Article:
Most of a query’s execution time is spent reading data pages from disk. Therefore, most of your performance improvement — more than 80%, according to many performance and tuning experts — comes from reducing the number of disk reads needed for each query.
When a query performs a table scan, Adaptive Server reads every page in the table because no useful indexes are available to help it retrieve the data. The individual query may have poor response time, because disk reads take time. Queries that incur costly table scans also affect the performance of other queries on your server.
Table scans can increase the time other users have to wait for a response, since they consume system resources such as CPU time, disk I/O, and network capacity.
Table scans use a large number of disk reads (I/Os) for a given query. When you have become familiar with the access methods, tuning tools, the size and structure of your tables, and the queries in your applications, you should be able to estimate the number of I/O operations a given join or select operation will perform, given the indexes that are available.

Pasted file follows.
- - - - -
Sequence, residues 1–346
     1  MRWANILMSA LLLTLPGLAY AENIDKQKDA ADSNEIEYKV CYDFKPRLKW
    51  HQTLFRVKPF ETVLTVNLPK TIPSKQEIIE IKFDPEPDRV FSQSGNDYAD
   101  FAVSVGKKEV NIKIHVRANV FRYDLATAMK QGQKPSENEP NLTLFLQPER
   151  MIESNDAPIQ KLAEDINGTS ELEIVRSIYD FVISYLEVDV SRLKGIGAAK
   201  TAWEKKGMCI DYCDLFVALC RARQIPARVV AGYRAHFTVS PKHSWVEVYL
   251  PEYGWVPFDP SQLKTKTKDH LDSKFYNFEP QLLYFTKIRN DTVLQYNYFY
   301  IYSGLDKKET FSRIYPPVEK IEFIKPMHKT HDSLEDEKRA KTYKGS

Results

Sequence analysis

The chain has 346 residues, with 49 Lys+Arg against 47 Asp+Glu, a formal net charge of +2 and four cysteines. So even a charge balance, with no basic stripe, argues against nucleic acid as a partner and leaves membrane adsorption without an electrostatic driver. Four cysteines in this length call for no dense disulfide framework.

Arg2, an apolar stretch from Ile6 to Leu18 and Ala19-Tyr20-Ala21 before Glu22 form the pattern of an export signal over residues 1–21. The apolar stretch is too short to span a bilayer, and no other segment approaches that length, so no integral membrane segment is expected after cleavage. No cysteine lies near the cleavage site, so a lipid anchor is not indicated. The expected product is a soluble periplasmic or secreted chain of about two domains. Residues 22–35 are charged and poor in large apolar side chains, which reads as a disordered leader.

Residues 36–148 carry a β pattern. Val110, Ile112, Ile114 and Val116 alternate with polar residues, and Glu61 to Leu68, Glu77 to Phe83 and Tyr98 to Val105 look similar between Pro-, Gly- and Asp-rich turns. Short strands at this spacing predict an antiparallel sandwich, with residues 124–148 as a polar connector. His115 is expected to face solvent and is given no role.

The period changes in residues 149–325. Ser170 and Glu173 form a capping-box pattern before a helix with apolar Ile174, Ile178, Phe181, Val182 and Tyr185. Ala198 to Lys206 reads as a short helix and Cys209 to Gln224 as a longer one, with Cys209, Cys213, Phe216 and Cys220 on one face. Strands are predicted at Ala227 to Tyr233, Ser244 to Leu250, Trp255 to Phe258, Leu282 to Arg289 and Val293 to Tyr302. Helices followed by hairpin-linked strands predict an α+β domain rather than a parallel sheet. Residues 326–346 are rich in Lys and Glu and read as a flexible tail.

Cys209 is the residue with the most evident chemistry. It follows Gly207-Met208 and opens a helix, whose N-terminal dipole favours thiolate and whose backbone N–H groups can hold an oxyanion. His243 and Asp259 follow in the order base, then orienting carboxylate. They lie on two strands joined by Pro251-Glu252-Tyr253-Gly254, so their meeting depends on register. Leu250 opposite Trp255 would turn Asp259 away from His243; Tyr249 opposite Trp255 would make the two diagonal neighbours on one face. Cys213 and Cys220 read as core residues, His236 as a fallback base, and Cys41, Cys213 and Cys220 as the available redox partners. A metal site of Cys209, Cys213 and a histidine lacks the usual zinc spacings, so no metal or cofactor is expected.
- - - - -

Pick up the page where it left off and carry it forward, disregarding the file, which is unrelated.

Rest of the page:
If you know what the indexed columns on your tables are, along with the table and index sizes, you can often look at a query and predict its behavior. For different queries on the same table, you might be able to draw these conclusions:
This point query returns a single row or a small number of rows that match the where clause condition.
The condition in the where clause is indexed; it should perform two to four I/Os on the index and one more to read the correct data page.
All columns in the select list and where clause for this query are included in a non clustered index. This query will probably perform a scan on the leaf level of the index, about 600 pages.
Adding an unindexed column to the select list, would force the query to scan the table, which would require 5000 disk reads.
No useful indexes are available for this query; it is going to do a table scan, requiring at least 5000 disk reads.
This chapter describes how tables are stored, and how access to data rows takes place when indexes are not being used.
Chapter 9, “How Indexes Work,” describes access methods for indexes. Other chapters explain how to determine which access method is being used for a query, the size of the tables and indexes, and the amount of I/O a query performs. These chapters provide a basis for understanding how the optimizer models the cost of accessing the data for your queries.